I recently un-friended someone on Facebook over breasts.
He posted a comment during the heated debate over whether women should be allowed to breastfeed their children openly in public (yes, they should).
In a Facebook rant, my no-longer-friend said something along the lines of: "All these women breastfeeding in public are ridiculous. How would they feel if a man sat down next to them and started masturbating? It's disgusting."
Presumably he was aware that the point of breastfeeding is to feed and sustain a child, and that mothers have to do this every few hours to keep that child alive. Yet he still interpreted breastfeeding as a brazenly sexual, voyeuristic act, akin to pleasuring yourself.
This makes no sense. But still, it's what he thought.
Boobs are distracting. Those iconic 'Hello Boys' Wonderbra adverts starring supermodel Eva Herzigova looking down at her breasts were supposedly responsible for several car accidents on the Hammersmith gyratory system in the 1990s.
From today, unprecedented adverts will go one step further - featuring naked, unedited breasts on UK billboards for the first time at sites in London, Liverpool and Glasgow.
But this isn't to sell underwear, it's an important campaign from breast cancer charity CoppaFeel which is trying to "normalise" breasts and remind women to regularly check themselves for signs of cancer.
The idea behind the #WhatNormalFeelsLike ads is that hypersexualisation (think Wonderbra) means we think of boobs only in terms of size, not how they feel when you squidge them, which is key to spotting crucial signs.
It was hard to achieve - ironically because of the rules that try to stop ads being too arousing.
It is very hard to get breasts into advertising. The watchdog, the Committee of Advertising Practice, has strict rules about "sexualised images".
Fashion adverts are consistently banned for showing nipples in a provocative way. A banned YSL Opium perfume ad, featuring Sophie Dahl with one nipple exposed, is one of the 10 most-complained-about ads of all time.
But Coppafeel's ads definitely aren't sexualised - this is a charity trying to talk to women about their own bodies and health.
Yet ads showing breasts for health reasons face an uphill battle around the world. A Scottish government TV ad in 2012 showed bare breasts with signs of breast cancer, and led to a 50% uplift in women contacting their GP about symptoms. Yet, when a breast cancer foundation in New Zealand wanted to use the same pictures for a TV ad there, the New Zealand watchdog banned it, saying nipples were not permitted.
This seems bizarre if you consider the recent furore over Page 3 in The Sun. Campaigners and ministers can't seem to banish the daily topless lady in Britain's biggest selling "family" paper, yet it's a struggle to get some pictures of natural breasts on a billboard to prevent cancer.
To confuse matters, CoppaFeel has sparked controversy by partnering with The Sun for 'Check'em Tuesday', a weekly campaign encouraging women to check their breasts which The Sun claims has "saved the lives of five readers so far".
In some ways, the difference between a sexy perfume ad and a health campaign is obvious. It's all about the intention behind the image. But that intention depends on who's looking, something that was neatly satirised on the BBC's The Now Show last week: society divides images of breasts into good boobs and bad boobs. Renaissance painted boobs - good. Breastfeeding boobs - bad. Boobs for cancer checking - good. Page 3 boobs - bad.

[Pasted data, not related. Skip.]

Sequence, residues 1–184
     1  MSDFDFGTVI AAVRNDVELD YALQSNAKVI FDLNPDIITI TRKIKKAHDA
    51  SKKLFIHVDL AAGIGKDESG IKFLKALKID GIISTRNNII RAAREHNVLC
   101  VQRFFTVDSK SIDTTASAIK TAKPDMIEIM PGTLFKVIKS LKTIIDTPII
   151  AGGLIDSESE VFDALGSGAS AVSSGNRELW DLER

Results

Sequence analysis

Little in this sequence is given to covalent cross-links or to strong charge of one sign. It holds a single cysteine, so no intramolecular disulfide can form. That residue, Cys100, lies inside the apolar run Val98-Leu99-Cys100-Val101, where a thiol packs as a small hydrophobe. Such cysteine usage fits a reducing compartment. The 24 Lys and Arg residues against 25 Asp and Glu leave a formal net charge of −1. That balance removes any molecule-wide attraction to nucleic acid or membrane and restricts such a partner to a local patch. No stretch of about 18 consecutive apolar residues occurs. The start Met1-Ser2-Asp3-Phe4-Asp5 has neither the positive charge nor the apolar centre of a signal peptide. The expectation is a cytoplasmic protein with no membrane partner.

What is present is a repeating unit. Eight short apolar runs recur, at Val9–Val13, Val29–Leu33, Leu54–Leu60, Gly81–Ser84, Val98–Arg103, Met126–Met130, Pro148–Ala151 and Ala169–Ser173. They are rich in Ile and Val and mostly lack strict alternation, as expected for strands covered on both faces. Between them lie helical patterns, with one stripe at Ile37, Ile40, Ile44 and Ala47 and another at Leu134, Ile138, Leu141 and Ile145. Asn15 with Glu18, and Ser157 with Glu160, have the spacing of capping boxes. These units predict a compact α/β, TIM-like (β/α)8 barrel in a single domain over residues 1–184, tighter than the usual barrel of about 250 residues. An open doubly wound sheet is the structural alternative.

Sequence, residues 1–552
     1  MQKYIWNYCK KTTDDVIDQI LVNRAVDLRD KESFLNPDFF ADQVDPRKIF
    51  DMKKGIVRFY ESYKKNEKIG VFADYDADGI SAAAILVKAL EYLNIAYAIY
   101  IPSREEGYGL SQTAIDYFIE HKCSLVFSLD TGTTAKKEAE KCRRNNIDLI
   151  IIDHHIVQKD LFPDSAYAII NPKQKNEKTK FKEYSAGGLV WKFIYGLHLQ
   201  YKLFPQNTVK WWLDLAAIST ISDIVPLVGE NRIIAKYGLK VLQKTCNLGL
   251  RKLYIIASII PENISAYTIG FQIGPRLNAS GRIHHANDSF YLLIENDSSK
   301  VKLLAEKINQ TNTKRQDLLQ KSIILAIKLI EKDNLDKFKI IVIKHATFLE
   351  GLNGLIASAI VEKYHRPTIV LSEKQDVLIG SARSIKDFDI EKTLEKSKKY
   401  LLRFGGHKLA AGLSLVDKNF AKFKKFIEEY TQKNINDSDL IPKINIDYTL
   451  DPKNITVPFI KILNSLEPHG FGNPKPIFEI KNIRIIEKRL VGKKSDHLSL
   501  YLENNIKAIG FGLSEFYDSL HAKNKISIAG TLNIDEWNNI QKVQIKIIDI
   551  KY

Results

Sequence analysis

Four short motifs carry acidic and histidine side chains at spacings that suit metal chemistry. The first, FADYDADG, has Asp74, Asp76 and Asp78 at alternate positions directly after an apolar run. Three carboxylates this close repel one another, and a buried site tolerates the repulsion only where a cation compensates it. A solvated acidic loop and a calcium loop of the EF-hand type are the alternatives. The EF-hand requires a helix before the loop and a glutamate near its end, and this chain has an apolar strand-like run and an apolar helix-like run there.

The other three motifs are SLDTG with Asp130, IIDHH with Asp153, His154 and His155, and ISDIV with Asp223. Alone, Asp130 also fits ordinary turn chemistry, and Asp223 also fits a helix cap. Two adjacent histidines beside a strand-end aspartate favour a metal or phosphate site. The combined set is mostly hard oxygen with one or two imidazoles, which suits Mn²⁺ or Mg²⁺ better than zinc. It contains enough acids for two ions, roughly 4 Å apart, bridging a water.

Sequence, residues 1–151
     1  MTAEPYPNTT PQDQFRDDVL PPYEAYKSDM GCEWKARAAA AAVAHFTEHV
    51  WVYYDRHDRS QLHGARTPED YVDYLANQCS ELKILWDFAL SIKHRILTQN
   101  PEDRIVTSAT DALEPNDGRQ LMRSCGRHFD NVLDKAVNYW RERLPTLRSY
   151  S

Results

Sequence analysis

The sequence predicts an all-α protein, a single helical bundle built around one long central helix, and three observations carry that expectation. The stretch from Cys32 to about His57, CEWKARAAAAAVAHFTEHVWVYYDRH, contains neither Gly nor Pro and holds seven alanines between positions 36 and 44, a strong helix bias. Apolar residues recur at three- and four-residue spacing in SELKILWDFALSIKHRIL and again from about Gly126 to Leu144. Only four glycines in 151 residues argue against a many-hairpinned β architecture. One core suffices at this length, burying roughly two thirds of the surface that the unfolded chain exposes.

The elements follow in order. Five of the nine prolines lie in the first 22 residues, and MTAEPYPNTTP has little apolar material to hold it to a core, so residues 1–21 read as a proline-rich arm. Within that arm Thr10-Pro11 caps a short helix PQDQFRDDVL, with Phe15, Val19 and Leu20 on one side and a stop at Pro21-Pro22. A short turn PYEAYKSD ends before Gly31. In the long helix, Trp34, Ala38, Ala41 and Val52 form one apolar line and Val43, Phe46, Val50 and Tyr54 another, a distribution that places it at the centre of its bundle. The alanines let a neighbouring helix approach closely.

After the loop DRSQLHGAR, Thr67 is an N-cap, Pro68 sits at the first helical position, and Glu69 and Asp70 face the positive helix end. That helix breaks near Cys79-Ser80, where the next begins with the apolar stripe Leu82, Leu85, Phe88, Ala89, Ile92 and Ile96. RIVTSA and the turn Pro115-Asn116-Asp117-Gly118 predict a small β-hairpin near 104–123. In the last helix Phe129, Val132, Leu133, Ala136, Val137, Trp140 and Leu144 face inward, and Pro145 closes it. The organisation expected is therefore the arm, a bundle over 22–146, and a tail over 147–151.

But the advertising watchdog committee doesn't necessarily agree that CoppaFeel's boobs are "good" boobs. It was split about whether to allow the ads to appear at all.
So why did it have doubts about this evidently noble ad campaign? The pictures of real woman's breasts clearly aren't trying to be sexual. But are they sexual all the same?
Is the reality that any image of a breast is sexual and provocative, even if that very breast is being checked for signs of breast cancer?
I suppose, in the logic of the man who I unfriended, the answer is yes. A breast is sexual, no matter why it's there.
Of course, we come full circle here: my Facebook ex-contact is a victim of the very hypersexualisation that CoppaFeel is trying to overcome.
Reassuringly, when Coppafeel launched other ads with bare breasts last year - this time artistically edited by the photographer Rankin - there were no complaints. And, as far as we know, no car crashes.
But Facebook disabled the page of an illustration agency which posed the ads online, for showing nudity. As Karmarama, the ad agency which created the bare-boobed pictures, is finding out: the battle between good boobs and bad boobs is not clear cut.
Billboards are a particular danger area for advertising. They are classed as a "broadcast medium" like TV and radio, because if you walk past a billboard, you can't help but see what's on it, unlike a newspaper that you make the active choice to open. Children or religious people might walk by and be offended by semi-nude ads.
Mediacom, the media agency which helped to place CoppaFeel's ads, has tried to minimise this risk using GPS data to pick billboard sites which are likely to be near lots of young women that the ad is trying to reach, and not many children.
This system is nowhere near foolproof - people who don't want to see the breasts may see the ads and they may complain.
But hopefully, at the same time, more women will check their breasts for a life-threatening disease, and encourage others to do the same - that's definitely worth a bit of outrage.
And maybe others, like my Facebook ex-friend, will realise that breasts in themselves are just lumps of flesh and fat: not good or bad, not erotic or medical. They are just breasts.